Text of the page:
When it comes to the banking industry, FORGET IT. Artificial intelligence and robotics could do 100% of banking and financial work. Especially analytical work. When all the jobs are done by AI, guess what happens next? The need for all these people diminishes and with that certain industries that serve people will be threatened. Right now we have an economy based on consumption. That will end with the AI ​​taking over. People will not have jobs or will have some kind of good. You can't support the economy the way we know it as well.

There are some people who will see the obvious: get rid of all these extra people that aren't necessary. So you have the context for a war. I think it will be a war like none that we have seen before because everyone will use it as an excuse to launch their blows against each and every one of those who have a grudge.

Some folks here are talking about the AI ​​threat being in the distant future. Let me ask you a question: if you see a wispy cloud of dust from a huge army of homicidal maniacs armed to the teeth with every type of conventional weapon imaginable, and you're sitting there, outgunned, outgunned, short on supplies, and out of shape. win in the moment you're going to do. Just sit down and say, “Hey! They are still SO MUCH WAITING AWAY! "Or do you do something about it?

Here's the deal: With AI, we're now at the point where human existence, as we know it, is being threatened. That's why pro-AI folks like Mark Zuckerberg keep talking about how much better AI will do for us. Firstly, most suffer from a psychological disorder that I call digitalcentrism that prevents them from seeing reality outside of the construction of some computing cultural bias, and secondly, those at the top of the movement toward AI, who really will benefit. of that - don't give a damn about the rest of us anyway.

The writing is on the wall. People will have to decide: are they for humanity or not? Discussions are over ...

Hold your breath. It's not going to be investment banking, private equity, consulting, hedge funds, or venture capital. Can you guess?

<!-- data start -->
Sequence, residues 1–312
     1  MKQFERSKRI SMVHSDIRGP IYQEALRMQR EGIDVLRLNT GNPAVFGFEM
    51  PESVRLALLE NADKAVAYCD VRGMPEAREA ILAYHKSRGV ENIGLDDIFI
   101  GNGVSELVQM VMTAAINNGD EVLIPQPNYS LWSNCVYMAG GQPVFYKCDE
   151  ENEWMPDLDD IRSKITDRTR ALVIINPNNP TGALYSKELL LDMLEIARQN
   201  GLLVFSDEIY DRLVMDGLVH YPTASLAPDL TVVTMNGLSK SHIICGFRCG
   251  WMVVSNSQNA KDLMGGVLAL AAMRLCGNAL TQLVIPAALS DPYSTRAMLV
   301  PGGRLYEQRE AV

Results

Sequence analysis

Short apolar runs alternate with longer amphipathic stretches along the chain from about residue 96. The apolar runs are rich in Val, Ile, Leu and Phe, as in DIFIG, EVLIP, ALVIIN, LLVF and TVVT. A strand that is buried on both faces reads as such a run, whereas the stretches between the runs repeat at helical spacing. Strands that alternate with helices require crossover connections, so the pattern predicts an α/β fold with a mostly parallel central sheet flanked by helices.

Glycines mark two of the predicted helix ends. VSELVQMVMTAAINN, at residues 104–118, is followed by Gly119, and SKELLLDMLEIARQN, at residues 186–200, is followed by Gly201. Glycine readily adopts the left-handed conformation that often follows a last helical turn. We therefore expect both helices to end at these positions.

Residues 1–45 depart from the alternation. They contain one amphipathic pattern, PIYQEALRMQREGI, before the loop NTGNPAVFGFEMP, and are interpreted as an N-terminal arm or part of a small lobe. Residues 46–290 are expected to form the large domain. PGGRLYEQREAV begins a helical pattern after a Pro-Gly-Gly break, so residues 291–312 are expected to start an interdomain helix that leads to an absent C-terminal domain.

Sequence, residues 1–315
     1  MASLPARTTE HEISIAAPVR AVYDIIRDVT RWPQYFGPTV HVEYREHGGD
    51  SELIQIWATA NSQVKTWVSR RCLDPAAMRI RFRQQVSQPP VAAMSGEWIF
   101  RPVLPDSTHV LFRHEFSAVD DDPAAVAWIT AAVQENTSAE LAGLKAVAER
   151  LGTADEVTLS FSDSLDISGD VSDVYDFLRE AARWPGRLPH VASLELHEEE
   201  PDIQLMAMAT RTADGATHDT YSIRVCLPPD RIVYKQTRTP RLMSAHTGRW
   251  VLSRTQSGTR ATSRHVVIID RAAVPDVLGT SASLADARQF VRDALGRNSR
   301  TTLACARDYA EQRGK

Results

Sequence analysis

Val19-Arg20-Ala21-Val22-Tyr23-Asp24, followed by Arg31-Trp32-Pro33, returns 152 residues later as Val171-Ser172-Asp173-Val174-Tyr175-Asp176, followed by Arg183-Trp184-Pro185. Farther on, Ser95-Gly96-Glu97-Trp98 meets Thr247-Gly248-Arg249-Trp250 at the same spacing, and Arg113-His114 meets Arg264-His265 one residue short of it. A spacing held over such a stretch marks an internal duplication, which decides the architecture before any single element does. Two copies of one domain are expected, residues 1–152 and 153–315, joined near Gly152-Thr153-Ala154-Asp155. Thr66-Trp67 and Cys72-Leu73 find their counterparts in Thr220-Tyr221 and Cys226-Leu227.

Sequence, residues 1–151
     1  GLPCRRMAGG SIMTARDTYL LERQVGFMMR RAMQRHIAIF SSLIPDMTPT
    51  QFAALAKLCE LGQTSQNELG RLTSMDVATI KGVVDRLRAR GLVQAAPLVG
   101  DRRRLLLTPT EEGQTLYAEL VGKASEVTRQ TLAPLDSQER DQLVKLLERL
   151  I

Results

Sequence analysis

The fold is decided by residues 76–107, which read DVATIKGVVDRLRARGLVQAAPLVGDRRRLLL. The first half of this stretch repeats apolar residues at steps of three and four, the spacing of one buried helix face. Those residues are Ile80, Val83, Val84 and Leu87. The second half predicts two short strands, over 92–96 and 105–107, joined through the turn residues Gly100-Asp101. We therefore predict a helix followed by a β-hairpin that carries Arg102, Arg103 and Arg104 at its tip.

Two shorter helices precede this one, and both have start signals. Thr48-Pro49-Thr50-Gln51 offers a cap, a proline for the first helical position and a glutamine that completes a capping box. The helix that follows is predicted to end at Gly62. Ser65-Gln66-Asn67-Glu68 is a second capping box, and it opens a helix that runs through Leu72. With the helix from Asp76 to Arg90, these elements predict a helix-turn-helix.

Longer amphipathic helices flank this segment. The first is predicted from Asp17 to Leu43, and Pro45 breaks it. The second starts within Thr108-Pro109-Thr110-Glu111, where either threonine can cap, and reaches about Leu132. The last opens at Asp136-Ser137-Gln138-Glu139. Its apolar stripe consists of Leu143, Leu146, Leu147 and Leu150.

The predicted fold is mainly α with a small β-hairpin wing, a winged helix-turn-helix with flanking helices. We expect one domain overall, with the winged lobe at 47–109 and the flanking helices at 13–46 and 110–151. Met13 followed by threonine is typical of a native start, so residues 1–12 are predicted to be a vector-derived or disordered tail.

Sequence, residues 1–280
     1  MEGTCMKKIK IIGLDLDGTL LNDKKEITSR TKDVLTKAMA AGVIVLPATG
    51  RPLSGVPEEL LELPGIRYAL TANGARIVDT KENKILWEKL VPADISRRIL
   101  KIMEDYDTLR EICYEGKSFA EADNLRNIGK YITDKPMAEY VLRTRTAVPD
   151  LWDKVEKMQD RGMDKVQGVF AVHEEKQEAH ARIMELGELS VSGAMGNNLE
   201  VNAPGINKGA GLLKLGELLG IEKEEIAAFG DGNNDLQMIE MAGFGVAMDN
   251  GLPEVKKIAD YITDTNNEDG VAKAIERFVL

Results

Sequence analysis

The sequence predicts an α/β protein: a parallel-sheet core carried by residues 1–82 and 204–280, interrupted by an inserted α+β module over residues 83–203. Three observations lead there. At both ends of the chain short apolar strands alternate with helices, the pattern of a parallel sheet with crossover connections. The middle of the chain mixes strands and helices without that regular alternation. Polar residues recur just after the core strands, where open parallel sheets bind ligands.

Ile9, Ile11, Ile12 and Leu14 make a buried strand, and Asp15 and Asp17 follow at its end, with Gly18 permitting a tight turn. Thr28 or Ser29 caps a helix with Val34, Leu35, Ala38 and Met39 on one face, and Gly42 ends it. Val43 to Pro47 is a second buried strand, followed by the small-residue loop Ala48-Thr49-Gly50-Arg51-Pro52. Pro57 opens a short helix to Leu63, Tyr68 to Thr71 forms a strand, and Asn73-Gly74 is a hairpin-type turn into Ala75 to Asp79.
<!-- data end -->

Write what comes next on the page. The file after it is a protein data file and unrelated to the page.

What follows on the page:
It is the FINTECH. In my opinion, financial services have faced the least disruption over time. It can be credit card, ATM, Pay pal. Anything big you can think of. Now comes the fintech revolution. One of the industries facing the most exciting innovation disruption today is financial services. Financial technology (Fintech) has the potential to revolutionize the way consumers conduct financial transactions. It can go from facilitating the mobile and or

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Hold your breath. It's not going to be investment banking, private equity, consulting, hedge funds, or venture capital. Can you guess?

It is the FINTECH. In my opinion, financial services have faced the least disruption over time. It can be credit card, ATM, Pay pal. Anything big you can think of. Now comes the fintech revolution. One of the industries facing the most exciting innovation disruption today is financial services. Financial technology (Fintech) has the potential to revolutionize the way consumers conduct financial transactions. It can range from facilitating online and mobile payments and transactions, to providing financial advice and planning, to helping consumers and businesses receive loans and financing.

The size of the fintech market is constantly increasing. You know, which is the fintech capital of the world. Any guess? It is London. Brexit is putting a cloud over your dreams. However, experts believe that London will overcome temporary difficulties. Germany is trying to take something from London. A van even passed through London with a message: 'Don't worry! Come to Berlin 'Sure, London fintech startups are concerned and some are seriously considering moving to many alternative attractions in Europe, but nothing can replace London. Dublin in Ireland may be the closest thing.

Now coming to America. Again another trivia. New York fintech startups attracted more funding than Silicon Valley fintech startups. In the US alone, around 20,000 fintech startups are responsible for creating 500,000 jobs. Over $ 50 billion is reported to have been invested in fintechs around the world. In the first quarter ending March 2016, fintechs are estimated to have attracted an investment of $ 5 billion.